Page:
Here's What You Need To Remember: The T-10 was actually better in some ways than the newer tanks, perhaps simply due to its size. The stabilizer was more effective than the T-62s, and of course the high caliber coaxial and commander weapons fit is nothing to scoff at. These aspects would likely have made it a force to be reckoned with on the breakthrough in the 1960s when ATGMs were still in their infancy.
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The T-10 is one of the longest lasting tank designs in the world. Adopted in 1953, the tank served for over 40 years before finally being decommissioned in 1997.
Along the way, the design underwent several revisions to keep it modern, from the T-10A to the ultimate variant, the T-10M.
But what made the T-10 design so enduring? Just how good was the T-10M? Why was it kept in service so long?
The story of the T-10 beings in 1949. Originally called the IS-8 and IS-9 during development, the T-10 was a continuation of the Iosef Stalin line of heavy breakthrough tanks that debuted during WWII.
IS-2 heavy tanks were the standard late-war heavy tank of the Soviet Army, possessing a powerful D-25 122mm gun that could blast through enemy tanks and bunkers alike.
That gun would go on to be a hallmark of the IS-series, arming the later IS-3, IS-4, and eventually the IS-8, which would be adopted as the IS-10. Following Stalin’s death in 1953, the IS-10 was renamed T-10 as part of the destalinization process.
The T-10 itself was a modernization of the IS-3, featuring the same “prow” front hull design, complete with the centrally situated driver’s position. The turret and hull were enlarged from the IS-3 to accommodate more armor. This necessitated the addition of another road wheel.
The D-25 was also beefed up with a longer barrel and bigger muzzle brake to allow for the firing of advanced armor-piercing rounds.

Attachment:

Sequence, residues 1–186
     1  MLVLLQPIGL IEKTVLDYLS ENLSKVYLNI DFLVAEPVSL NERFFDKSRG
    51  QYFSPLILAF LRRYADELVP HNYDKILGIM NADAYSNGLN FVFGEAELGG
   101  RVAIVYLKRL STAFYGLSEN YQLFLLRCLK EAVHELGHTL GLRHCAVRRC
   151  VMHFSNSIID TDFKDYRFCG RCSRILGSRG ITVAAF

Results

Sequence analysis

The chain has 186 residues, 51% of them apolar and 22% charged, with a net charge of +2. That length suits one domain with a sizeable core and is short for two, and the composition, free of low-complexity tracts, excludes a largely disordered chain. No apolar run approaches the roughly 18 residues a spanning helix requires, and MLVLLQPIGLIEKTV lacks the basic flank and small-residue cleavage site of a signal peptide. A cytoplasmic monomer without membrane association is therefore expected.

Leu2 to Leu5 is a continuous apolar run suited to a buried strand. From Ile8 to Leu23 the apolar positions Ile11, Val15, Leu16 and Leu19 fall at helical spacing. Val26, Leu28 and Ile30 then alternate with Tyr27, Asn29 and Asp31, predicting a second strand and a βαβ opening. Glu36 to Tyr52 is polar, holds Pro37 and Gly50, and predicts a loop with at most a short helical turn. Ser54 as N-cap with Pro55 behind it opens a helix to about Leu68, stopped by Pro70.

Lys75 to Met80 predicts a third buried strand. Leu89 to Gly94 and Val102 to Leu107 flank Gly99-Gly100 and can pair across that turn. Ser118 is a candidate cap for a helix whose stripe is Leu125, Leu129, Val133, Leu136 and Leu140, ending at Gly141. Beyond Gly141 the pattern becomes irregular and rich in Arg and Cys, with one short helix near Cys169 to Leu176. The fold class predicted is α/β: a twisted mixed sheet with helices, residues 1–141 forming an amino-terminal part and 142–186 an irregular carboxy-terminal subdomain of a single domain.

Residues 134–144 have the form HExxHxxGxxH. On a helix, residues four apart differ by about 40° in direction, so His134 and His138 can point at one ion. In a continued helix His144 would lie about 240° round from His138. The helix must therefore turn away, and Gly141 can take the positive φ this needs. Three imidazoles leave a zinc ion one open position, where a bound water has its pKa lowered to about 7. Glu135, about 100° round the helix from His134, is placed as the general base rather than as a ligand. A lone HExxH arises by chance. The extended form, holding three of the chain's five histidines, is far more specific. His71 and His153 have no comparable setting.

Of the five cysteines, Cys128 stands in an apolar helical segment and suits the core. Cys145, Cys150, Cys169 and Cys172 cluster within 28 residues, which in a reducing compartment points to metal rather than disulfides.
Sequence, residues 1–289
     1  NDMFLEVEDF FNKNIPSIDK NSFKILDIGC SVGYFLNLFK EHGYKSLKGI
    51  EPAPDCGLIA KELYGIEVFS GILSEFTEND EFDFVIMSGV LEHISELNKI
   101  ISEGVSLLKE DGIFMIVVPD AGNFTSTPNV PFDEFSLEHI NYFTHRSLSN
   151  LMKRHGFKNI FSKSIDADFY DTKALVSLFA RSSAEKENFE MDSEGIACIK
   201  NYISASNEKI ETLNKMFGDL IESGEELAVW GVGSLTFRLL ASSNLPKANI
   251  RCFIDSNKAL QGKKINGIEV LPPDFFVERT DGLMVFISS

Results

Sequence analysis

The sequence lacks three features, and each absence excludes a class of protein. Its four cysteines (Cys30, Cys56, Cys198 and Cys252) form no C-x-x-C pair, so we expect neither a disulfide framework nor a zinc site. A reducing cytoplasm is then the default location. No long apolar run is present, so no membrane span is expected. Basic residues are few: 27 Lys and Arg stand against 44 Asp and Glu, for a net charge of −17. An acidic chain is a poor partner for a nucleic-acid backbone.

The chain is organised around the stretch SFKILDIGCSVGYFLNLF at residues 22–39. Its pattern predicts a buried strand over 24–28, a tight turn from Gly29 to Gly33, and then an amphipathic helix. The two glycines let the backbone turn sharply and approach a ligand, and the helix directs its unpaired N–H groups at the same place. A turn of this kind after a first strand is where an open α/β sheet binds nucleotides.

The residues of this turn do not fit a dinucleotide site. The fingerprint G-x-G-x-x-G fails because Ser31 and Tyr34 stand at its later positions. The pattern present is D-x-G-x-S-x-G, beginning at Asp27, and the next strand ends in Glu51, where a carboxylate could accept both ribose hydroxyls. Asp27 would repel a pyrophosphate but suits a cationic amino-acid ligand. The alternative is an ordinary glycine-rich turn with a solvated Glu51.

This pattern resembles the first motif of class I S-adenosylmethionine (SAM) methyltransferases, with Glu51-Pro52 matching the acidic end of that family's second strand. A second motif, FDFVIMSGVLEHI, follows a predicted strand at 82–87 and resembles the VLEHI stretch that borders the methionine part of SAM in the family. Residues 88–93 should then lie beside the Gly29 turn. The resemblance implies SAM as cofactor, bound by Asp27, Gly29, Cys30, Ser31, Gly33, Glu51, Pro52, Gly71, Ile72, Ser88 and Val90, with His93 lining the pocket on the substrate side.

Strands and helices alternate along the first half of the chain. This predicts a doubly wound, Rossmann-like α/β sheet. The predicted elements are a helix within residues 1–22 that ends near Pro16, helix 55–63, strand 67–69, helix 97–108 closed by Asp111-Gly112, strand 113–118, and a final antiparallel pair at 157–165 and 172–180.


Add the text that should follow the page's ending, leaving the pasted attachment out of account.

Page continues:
To help address a common weakness of the IS-series, low rate of fire, an electromechanical rammer was added to the T-10 to assist the loader. 30 rounds were available in an ergonomic configuration superior to earlier IS-tanks.
Altogether, this made for an incredibly formidable tank in the 1950s, with very thick armor and impressive lethality to boot. While not as nimble as upcoming Western tank designs, the T-10 was meant to be able to survive a hit.
The first upgrade for the T-10 came in 1956 in the T-10A. The T-10A was a fairly straightforward lethality upgrade. A fume extractor was added to the D-25, and the “Uragan” vertical-axis stabilizer was added to the T-10. This improved the ability of the T-10 to fire on the move by 5-6 times.
The T-10B came shortly afterward in 1957, featuring a 2-plane stabilizer.
The final variant, the T-10M was adopted in 1962. It was an almost total overhaul of the design, with the original D-25 cannon being swapped out for a more modern M62T2 cannon which featured yet another new muzzle brake and fume extractor. It also had a newer, more effective stabilizer.
The coaxial armament was also improved, swapping the 12.7mm DShK machine guns for 14.5mm KPV machine guns.
A myriad of other improvements round out the T-10M: night vision equipment for the gunner and driver, improved nuclear protection measures, and better sights.
But at that time the next generation of Western and Soviet tanks was well into development. The original T-10 had far better armor than the T-55s and T-54s that were its contemporary, but the T-10M didn’t possess significant advantages versus the T-62, much less the upcoming T-64 which utilized composite armor.
In the end, the reason why the T-10M stuck around was likely institutional inertia. Soviet doctrine called for an extremely heavily armed breakthrough tank, and the T-10M was the tank for that job.
This doctrine didn’t stick around for much longer given the suitability of faster, lighter tanks at exploiting breakthroughs, but at the time, it was a perfectly valid reason to keep churning out T-10s.
The T-10 was actually better in some ways than the newer tanks, perhaps simply due to its size. The stabilizer was more effective than the T-62s, and of course the high caliber coaxial and commander weapons fit is nothing to scoff at. These aspects would likely have made it a force to be reckoned with on the breakthrough in the 1960s when ATGMs were still in their infancy.
Charlie Gao studied political and computer science at Grinnell College and is a frequent commentator on defense and national-security issues.